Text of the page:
As a client proudly showed me his uniform crop of Gallant, the first wheat field I have seen at full ear emergence this year, I found myself feeling a little choked up.

It’s been a challenging season, but at last we can see that our efforts have not been in vain. And dare I say it? It is just possible that some of the earlier September drilled wheat’s will yield reasonably well?

Cool, dry conditions during May will have delayed pupation of orange wheat blossom midge. This leads me to think that most September/October drilled wheats will escape midge infestation. However, don’t take my word for it! Monitor your susceptible varieties from ear emergence until the end of flowering. Depending on the time of adult midge emergence, later autumn or spring drilled wheat’s may be at risk.

Remember, prophylactic sprays for midge control are discouraged and treatment of resistant varieties is rarely cost effective. In cereals and pulses aphid populations are low but keep an eye out for colonies which could build quickly if temperatures warm.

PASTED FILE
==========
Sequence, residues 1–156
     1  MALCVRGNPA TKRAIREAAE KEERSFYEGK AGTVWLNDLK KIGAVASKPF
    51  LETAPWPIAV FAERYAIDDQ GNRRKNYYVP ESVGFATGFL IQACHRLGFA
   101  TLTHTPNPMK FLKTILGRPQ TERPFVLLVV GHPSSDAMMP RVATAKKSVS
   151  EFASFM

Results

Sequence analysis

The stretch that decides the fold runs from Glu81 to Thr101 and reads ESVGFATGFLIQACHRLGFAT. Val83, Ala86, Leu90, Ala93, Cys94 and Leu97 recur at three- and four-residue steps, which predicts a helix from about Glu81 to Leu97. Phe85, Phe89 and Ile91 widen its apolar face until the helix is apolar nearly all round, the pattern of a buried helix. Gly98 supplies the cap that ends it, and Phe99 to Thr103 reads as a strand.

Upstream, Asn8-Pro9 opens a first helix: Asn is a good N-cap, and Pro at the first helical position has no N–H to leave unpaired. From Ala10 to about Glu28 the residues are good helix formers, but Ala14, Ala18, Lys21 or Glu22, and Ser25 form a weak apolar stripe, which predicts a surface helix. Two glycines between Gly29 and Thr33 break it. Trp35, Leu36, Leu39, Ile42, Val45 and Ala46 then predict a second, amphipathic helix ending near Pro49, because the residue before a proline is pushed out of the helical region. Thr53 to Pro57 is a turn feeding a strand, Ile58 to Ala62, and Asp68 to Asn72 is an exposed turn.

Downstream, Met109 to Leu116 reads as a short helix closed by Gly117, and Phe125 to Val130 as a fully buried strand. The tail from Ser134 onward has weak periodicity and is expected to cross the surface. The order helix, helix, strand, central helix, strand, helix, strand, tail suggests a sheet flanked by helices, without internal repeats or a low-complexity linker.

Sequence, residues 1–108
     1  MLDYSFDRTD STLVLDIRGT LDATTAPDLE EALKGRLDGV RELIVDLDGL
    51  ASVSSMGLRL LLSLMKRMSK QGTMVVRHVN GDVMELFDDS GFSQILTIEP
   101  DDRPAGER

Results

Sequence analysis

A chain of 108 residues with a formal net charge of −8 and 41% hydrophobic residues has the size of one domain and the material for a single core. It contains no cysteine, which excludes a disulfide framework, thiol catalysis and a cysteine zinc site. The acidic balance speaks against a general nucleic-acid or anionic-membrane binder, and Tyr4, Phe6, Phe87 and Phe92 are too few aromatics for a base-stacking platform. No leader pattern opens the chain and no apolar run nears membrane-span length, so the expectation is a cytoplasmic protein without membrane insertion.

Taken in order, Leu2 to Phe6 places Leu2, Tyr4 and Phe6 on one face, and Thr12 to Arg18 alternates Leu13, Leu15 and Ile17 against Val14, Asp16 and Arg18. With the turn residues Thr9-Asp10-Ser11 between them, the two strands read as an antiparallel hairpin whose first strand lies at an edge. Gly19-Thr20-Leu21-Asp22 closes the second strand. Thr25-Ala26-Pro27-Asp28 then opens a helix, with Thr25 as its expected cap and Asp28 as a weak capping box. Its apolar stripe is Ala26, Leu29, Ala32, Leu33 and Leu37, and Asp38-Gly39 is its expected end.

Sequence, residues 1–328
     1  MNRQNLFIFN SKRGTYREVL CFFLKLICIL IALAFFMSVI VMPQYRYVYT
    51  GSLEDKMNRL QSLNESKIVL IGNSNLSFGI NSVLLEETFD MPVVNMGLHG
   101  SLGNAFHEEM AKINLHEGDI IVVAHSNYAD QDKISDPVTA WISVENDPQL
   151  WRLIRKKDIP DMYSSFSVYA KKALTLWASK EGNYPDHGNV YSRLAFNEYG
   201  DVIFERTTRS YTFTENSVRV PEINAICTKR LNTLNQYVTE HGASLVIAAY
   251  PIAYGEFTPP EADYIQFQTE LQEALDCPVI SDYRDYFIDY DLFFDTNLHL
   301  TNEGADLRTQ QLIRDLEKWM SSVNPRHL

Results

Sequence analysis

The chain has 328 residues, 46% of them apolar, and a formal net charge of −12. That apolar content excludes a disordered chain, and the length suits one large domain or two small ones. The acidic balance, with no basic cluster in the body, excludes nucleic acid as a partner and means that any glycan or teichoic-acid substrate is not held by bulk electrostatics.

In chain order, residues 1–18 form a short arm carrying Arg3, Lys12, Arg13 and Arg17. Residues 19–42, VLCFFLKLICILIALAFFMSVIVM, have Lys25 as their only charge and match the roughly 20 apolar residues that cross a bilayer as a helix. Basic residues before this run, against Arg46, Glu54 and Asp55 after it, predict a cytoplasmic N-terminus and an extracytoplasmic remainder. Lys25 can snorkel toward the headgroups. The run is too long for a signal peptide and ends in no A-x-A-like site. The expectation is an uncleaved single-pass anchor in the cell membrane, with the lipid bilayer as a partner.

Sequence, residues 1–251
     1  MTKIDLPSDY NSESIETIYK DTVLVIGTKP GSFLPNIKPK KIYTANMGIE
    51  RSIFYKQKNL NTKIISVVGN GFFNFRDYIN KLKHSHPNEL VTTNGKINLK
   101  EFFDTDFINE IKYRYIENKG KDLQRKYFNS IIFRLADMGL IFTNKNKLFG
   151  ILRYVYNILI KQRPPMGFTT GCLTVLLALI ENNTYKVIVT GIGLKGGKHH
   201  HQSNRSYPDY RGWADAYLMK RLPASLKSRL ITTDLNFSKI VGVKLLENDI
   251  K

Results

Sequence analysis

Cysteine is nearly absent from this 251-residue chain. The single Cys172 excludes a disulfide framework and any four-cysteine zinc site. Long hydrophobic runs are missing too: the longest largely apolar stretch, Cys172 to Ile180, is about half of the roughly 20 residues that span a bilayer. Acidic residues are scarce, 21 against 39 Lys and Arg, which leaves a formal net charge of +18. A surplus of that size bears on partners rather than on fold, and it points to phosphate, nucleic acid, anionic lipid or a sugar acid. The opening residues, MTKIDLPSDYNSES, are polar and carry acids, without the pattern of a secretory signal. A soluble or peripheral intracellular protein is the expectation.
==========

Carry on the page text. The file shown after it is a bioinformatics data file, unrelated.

Winter wheats have received a T2 fungicide at flag leaf emergence within the last fortnight and most crops are very clean. This is especially important for thinner crops, where all leaf layers will make a valuable contribution to yield.

Showers are forecast next week and warm, wet conditions during flowering will encourage fusarium infection and foliar diseases. I will be recommending that winter wheat’s receive an ear spray. This should give improved grain quality via disease control. The value of the T3 spray will only be apparent in hindsight, but long term trials show that on average this treatment is cost effective.

The end of the spray season is coming, but there are still a few outstanding sprays on the various spring crops. Bean crops may still require a second fungicide and insecticide e.g. for bruchid beetle control. Bruchids are notoriously difficult, but control can be improved by monitoring temperature and by paying attention to application techniques.

Weed control in sugar beet is almost complete as the more vigorous crops nearly meet across the row. At first, weed control on cold, dry soils was difficult, but as temperatures have warmed and after the rain, residual herbicides have been more effective and now we have gained control and crops are clean.